There's something to be said about a well-built, nicely-tuned Honda. For many of us, this is our generation's hot rod, and as we get older, we gradually become more appreciative of the simpler builds. Sure, it is great to see innovation and new styles develop, but man, there are just those Hondas that transcend any limitations of time. When you see them, you get this overwhelming sensation that a car is built "just right." If you're a younger enthusiast that is barely starting out in this hobby, you'll eventually understand that it isn't just throwing money at name brand parts and compiling a large modification list that makes a great build—it's how you execute and make those parts work in unison. Sometimes the car doesn't even have to be perfect in appearance; it can be a little rough around the edges as long as the proper execution is there.
In my travels, I've had the opportunity to see quite a bit of the Honda community worldwide. One of the destinations that I make an effort to visit annually is the Pacific Northwest. The Evergreen State isn't talked about as much as places like LA or New York, but by no means should you ever sleep on the builds in this region. Some of their Hondas are simply incredible. You just don't hear about them that much because the wet weather conditions leave their cars neatly tucked away in garages. On a rare sunny day in Seattle, the streets are like a parade filled with modded vehicles—everyone wants to take advantage of the good weather!
One of the premier car clubs in the PNW is a group known as Trik Speed. Most Washington natives know them simply as "Trik." The club has been around since the nineties and while some have grown up and moved on from the hobby, many are still representing faithfully. A couple new guys have come into the group in the later years but they have remained a tightly knit unit. Even the elders who don't have cars anymore still come around to spend time with the crew and there is a strong sense of family. Trik Speed has produced some memorable Hondas over the last decade and are an inspiration for many Honda guys around the world.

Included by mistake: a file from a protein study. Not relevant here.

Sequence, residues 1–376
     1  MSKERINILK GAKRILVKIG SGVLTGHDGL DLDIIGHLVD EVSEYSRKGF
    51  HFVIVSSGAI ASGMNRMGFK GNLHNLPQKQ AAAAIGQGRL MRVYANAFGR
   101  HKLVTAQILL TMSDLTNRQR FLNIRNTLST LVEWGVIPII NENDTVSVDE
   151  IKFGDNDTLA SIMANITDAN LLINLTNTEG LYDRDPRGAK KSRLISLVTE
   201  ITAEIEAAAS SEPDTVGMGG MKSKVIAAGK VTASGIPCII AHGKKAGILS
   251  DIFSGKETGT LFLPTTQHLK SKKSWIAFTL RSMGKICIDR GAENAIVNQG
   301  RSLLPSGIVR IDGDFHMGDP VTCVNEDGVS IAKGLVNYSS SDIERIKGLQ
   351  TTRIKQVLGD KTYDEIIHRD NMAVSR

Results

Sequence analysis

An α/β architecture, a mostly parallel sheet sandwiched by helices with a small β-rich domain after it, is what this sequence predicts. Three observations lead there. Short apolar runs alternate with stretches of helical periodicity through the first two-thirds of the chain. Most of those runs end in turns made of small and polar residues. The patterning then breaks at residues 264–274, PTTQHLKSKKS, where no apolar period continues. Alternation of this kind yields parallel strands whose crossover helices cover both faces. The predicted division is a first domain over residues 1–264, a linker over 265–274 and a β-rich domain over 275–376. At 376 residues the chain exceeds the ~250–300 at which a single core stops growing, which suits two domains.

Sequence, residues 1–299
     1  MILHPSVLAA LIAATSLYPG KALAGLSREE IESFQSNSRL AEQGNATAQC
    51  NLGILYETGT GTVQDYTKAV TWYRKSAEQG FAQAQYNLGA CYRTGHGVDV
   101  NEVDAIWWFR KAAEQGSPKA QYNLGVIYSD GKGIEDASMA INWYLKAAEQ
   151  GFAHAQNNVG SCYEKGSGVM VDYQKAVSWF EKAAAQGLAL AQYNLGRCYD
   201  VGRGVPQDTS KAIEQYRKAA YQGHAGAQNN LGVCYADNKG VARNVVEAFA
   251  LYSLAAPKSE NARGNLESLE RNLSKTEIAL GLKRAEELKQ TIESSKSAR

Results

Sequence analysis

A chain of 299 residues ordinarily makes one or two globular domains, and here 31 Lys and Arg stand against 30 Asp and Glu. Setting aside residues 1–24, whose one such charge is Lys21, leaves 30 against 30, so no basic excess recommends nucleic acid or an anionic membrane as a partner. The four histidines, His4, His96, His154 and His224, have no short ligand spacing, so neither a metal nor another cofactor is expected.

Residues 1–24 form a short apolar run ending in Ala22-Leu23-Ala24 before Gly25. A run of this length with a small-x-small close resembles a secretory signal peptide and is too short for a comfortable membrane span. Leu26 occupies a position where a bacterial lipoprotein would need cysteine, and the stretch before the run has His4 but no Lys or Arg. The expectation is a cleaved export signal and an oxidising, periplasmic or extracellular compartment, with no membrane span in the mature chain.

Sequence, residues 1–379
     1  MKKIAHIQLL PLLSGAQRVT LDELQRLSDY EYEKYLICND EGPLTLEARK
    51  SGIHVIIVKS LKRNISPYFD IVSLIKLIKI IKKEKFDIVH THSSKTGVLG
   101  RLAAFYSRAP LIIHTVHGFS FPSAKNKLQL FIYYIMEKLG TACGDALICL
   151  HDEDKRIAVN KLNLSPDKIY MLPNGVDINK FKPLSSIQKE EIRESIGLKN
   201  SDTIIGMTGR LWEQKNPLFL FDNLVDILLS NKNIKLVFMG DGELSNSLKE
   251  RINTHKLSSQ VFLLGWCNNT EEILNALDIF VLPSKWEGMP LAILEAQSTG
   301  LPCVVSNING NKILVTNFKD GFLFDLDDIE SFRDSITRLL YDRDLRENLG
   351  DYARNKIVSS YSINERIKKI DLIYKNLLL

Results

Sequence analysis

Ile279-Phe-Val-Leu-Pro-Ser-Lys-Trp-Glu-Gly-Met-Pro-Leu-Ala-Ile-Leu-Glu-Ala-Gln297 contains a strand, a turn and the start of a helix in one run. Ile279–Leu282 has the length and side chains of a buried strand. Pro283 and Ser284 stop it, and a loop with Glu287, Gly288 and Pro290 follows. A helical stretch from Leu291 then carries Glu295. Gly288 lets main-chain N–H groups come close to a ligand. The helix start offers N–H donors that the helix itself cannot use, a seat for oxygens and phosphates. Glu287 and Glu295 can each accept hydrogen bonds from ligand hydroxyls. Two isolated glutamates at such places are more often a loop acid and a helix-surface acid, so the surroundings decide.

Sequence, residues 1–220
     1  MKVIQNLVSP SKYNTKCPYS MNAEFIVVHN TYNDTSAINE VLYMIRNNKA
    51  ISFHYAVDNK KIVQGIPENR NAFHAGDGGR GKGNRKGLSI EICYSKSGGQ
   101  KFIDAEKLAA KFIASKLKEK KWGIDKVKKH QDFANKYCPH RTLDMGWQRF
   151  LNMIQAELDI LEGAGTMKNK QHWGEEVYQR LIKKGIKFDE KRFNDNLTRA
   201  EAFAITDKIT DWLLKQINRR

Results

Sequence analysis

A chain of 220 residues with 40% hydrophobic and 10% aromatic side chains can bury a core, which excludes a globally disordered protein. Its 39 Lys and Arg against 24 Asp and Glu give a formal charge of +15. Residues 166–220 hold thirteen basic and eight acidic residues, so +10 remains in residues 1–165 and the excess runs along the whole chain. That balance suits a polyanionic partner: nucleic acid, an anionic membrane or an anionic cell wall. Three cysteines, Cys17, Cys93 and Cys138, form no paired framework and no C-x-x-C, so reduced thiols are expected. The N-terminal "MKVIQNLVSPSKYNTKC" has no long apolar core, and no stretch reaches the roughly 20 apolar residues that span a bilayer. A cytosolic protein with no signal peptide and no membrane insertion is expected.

Team member, Darnell Andrada, is one of the last of the group to not have been prominently featured in print—until today. While the others have seen immeasurable amounts of praise from throughout the community, Darnell has been lurking in their shadows. It's not because his car is undeserving; he's just been putting it together over the course of six years. He's also a bit hard to find because he rarely ever brings his car out. I was fortunate enough to convince him to take it out for this year's Honda Issue.
Like his fellow Trik Speed brethren, his Civic is also multi-faceted; it serves as a street car, show car and spends a good amount of time at local track events. It isn't nearly as detailed as some of the other Trik builds but its raw appeal is refreshing. It is a car that is very straight to the point and there isn't anything on the car that would be deemed "excessive" or would make it a "hard parker." What you see is what you get.